SOME Hunter residents might think they’ve eaten a bad prawn this Christmas – but the real cause could be due to a chemical the crustaceans are often washed in.
Eleebana resident Bryson Andrew said he couldn’t figure out why he sometimes fell violently ill after eating prawns, while he was fine on other occasions.
That was until he discovered he was intolerant to sodium metabisulphite.
It’s a chemical the Food Standards authority allows prawns to be washed in to improve shelf life and prevent “blackspot” – where the shell becomes discoloured and is therefore visually unappealing.
And for people like Mr Andrew who are intolerant, the chemical can cause wheezing, nausea, pain and a skin rash or itch.
“No matter where you go I don’t see any sign on prawns to say whether there is any sodium metabisulphite present,” Mr Andrew said.
“It’s only once you put the pressure on and say you get sick if you eat it they’ll admit the prawns could have been washed in it.
“No wonder everyone’s having problems with all the chemicals in foods these days.”
Under the Food Standards Code uncooked crustaceans are allowed to have 100mg of sodium metabisulphite present per kilogram, while if they’re cooked they can have 30mg.
Because some people have bad reactions to the chemical, legislation requires a product with more than 10 parts per million to declare the use of sulphites on its labelling.
“If the prawns are sold without a package or packaged in the present of the purchaser, which in most cases this is the way prawns are sold to the consumer, then they are exempt from labelling,” a Food Standards spokeswoman said.
“However, there is a mandatory requirement to either display the allergen information on or in connection with the display of the prawns or provide it to the purchaser upon request.”
Charlestown clinical immunologists and allergist, Dr Kathryn Patchett, said diagnosis of metabisulphite intolerance was done through looking at symptoms.
“There is no blood or skin test to diagnose such reactions,” she said.
“[Along with prawns] metabisulphites are also found in certain wines, beers and dried fruit.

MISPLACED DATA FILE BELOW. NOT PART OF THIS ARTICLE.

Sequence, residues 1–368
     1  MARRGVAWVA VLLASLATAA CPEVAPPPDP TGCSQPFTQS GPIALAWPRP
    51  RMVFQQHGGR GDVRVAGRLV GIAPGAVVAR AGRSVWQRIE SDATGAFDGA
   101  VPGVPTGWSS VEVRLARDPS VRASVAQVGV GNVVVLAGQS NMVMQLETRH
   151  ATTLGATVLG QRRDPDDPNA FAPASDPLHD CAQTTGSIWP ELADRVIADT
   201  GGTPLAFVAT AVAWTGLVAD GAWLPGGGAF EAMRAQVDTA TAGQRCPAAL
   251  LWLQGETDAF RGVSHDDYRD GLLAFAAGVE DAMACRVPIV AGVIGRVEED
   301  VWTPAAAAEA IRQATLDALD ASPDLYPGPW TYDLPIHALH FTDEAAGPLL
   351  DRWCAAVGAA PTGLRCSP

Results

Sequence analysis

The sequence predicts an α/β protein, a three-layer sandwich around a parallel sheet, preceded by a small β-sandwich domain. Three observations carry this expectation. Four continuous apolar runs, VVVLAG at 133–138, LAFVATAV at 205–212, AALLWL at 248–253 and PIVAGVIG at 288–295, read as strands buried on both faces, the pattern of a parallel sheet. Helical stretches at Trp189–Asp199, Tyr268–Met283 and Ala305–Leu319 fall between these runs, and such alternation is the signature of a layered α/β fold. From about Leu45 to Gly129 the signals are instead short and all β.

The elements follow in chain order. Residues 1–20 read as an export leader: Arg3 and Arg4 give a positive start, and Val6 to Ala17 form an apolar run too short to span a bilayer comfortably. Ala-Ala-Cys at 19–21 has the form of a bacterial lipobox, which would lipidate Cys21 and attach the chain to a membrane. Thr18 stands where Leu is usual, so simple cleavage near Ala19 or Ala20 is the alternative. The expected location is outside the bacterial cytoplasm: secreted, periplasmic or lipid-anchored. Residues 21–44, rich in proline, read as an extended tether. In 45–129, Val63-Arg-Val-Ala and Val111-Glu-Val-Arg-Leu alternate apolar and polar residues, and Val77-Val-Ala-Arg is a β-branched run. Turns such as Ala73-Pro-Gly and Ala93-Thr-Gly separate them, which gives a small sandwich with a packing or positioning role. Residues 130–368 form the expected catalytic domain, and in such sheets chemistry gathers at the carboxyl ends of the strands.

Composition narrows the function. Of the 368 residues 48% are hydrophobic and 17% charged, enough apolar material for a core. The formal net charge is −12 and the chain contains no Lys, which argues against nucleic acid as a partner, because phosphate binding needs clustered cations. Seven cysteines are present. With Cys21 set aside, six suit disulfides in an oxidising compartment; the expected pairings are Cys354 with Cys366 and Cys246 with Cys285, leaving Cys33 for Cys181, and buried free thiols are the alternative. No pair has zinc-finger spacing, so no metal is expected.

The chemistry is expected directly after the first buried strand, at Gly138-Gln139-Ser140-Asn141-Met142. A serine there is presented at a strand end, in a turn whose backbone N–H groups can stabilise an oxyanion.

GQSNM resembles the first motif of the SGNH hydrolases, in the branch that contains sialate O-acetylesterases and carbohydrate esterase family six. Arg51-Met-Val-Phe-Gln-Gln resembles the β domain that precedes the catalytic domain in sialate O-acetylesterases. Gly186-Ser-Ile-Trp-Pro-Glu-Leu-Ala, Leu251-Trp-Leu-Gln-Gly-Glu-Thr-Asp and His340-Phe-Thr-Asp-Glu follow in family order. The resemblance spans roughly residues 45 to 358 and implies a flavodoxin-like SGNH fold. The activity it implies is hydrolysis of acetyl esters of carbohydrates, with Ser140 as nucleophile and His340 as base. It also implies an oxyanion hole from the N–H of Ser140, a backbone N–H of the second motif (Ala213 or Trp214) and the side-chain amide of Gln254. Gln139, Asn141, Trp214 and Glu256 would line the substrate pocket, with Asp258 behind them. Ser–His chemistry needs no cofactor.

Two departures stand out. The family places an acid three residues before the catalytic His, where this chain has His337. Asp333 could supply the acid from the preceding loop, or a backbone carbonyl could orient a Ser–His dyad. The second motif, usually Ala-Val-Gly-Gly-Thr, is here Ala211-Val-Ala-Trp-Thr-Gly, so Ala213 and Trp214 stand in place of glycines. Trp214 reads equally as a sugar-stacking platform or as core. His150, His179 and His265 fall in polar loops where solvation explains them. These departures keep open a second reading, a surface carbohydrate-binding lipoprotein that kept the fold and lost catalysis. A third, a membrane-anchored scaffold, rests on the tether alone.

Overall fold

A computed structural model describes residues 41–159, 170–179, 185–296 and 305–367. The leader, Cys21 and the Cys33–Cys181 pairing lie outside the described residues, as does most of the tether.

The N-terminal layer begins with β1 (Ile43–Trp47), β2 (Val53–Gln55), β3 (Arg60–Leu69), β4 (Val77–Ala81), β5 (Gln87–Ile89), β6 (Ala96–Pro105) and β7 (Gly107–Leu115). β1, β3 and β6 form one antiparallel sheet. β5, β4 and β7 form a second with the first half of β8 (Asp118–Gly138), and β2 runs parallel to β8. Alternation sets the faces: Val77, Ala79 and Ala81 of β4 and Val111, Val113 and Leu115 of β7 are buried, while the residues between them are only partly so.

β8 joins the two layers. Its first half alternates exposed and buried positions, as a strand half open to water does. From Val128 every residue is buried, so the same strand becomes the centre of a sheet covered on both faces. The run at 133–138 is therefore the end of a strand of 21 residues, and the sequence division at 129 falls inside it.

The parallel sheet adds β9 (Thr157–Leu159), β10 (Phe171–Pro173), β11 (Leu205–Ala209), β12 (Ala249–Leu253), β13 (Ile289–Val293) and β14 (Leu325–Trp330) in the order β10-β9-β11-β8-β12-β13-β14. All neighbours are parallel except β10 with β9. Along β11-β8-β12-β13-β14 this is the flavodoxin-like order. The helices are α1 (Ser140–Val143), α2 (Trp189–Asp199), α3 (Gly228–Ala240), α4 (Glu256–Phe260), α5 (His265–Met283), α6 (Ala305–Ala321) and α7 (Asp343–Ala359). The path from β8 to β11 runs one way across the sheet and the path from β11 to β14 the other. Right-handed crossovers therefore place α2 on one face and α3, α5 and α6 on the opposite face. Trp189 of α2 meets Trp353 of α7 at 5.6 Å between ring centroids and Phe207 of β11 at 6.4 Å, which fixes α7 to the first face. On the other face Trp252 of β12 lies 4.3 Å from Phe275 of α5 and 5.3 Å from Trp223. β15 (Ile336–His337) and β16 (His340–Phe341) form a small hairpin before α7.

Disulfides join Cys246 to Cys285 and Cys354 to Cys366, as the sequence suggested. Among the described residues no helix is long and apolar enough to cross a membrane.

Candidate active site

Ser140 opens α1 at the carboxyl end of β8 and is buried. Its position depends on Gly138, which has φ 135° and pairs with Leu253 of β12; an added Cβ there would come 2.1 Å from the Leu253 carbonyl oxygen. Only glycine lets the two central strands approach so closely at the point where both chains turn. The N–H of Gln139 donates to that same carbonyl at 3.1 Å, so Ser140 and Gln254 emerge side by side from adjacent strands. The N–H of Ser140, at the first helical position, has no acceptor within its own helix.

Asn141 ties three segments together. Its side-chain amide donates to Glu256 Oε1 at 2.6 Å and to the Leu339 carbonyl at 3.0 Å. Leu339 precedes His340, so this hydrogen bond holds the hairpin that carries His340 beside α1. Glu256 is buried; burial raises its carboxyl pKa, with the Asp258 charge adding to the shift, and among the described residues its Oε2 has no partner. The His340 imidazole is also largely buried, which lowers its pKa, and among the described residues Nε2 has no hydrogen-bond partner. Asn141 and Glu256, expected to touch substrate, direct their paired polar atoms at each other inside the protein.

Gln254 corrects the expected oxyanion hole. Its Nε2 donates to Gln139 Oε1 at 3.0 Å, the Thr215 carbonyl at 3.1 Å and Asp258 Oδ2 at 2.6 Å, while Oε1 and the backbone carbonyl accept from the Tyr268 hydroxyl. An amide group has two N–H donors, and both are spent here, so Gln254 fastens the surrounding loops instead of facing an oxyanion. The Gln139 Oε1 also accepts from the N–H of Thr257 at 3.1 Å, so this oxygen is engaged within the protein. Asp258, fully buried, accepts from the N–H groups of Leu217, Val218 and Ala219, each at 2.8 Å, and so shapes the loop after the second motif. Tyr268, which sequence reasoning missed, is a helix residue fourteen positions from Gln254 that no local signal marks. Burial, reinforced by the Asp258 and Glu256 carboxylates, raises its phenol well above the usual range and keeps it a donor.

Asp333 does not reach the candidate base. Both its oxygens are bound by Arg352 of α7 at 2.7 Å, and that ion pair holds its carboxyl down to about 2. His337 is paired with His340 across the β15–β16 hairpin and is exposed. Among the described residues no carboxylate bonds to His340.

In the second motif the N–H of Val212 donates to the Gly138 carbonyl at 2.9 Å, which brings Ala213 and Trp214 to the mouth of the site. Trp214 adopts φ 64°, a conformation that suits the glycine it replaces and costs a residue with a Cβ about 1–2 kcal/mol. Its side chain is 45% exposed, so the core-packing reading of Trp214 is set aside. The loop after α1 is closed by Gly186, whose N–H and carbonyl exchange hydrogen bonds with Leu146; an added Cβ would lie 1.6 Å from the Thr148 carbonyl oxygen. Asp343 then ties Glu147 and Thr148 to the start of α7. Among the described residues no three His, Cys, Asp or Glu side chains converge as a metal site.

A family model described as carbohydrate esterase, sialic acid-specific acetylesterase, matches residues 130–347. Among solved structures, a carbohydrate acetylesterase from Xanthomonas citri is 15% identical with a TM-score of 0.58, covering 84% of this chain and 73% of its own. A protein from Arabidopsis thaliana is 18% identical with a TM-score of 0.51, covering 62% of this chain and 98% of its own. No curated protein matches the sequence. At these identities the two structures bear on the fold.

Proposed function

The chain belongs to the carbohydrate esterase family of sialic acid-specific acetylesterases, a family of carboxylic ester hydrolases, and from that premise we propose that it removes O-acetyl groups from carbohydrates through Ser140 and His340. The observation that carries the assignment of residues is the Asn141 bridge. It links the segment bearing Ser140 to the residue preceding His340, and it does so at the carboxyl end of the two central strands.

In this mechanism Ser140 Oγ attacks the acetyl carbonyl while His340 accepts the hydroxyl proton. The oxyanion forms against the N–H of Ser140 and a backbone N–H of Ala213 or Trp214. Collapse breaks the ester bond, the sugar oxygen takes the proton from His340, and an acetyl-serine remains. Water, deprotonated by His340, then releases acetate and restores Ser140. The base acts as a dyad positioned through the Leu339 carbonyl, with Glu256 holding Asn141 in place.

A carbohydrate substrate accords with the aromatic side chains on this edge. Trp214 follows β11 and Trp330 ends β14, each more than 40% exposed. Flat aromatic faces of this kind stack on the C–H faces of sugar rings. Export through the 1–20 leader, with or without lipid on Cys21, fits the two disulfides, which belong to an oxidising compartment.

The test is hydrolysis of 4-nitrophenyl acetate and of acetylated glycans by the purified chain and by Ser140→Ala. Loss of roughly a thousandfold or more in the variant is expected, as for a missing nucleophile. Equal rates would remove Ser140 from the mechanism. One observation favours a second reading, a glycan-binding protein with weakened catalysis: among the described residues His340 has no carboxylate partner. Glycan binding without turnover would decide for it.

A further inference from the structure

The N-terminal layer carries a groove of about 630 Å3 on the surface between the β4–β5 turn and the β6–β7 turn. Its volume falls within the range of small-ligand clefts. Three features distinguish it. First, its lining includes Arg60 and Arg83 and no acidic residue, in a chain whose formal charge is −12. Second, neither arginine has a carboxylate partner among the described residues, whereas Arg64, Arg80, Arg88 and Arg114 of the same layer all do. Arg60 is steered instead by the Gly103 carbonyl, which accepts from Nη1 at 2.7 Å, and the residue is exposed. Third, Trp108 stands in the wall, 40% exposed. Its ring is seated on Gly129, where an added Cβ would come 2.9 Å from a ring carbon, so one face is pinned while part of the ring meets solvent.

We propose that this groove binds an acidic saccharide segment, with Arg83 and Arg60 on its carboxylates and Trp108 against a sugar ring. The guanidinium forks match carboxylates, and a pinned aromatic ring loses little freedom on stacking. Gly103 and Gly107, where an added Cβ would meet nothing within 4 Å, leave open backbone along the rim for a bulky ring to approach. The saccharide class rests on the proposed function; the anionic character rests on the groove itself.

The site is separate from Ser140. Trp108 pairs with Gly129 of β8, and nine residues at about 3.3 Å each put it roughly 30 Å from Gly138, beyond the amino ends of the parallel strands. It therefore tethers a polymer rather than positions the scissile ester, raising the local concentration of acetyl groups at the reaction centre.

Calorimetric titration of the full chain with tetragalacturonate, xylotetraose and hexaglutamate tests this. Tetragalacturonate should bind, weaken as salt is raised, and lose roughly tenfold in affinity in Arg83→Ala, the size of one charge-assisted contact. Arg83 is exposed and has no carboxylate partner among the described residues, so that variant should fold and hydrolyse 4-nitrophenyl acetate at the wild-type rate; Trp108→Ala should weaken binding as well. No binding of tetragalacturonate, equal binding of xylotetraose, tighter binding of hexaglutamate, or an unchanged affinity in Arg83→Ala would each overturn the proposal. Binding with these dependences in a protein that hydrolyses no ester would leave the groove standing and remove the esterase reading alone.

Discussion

“Avoidance is often necessary for patients who react to [such] food chemicals.
“Antihistimines and asthma puffers may help relieve symptoms.”
Hunter food service distributor Red Funnel supplies prawns to various pubs, clubs and businesses around the region.
Seafood manager Stephen Reah said if the prawns were green it was more likely they were dipped in sodium metabisulphite or another chemical but with cooked prawns it was “variable”.
“We buy our prawns frozen and it will depend on where the prawns are from as to whether they would have been dipped,” he said.
Mr Reah said people who were intolerant to sodium metabisulphite should steer clear of prawns when eating out at restaurants.
“The majority of pubs and clubs don’t source from one supplier, they could have prawns from three different suppliers,” he said.
“You just wouldn’t eat them.”
Commercial Fishermen’s Co-operative Limited general manager Robert Gauta said he did not believe any Hunter-caught prawns were washed in chemicals.
However he conceded that at the moment local prawns only made up 20 to 30per cent of their stock at their Wickham store because not that many were being caught.
At their smaller shops in Swansea, Tacoma and Gorokan it was a bit better – around 70per cent, he said.
“There’s not so many local prawns around at the moment,” he said.
“At the moment a big percentage are being brought in from other areas.”
One of the outside areas Mr Gauta said prawns were coming from was Crystal Bay in Queensland.
Blue Harvest is the company selling the prawns from this area and managing director Sam Gordon said they were being washed in a product called Prawnfresh.
It is a sulphite-free option that also stops blackspot, improves the prawn colour and increases shelf life.
Long-time Port Stephens prawn fisherman Geoff Sproule said he did not believe any Hunter-caught prawns were washed in chemicals.
He explained that they cooked the prawns on the boat, throwing them onto ice straight afterwards before sending them off to shops.
“The last I’d heard of any fishermen using metabisulphite around here was in 1976 with the Royal Red Prawns, which no one bothers with any more because they aren’t viable as they don’t get a good price,” he said.
“We all wash the prawns in sea water, then cook them in sea water and they are then iced down or thrown into ice slurry straight away.
“My prawns are shipped off the boat every day.
“The trouble is everyone wants prawns around Christmas time but it’s not a great time of year to catch them around here.”
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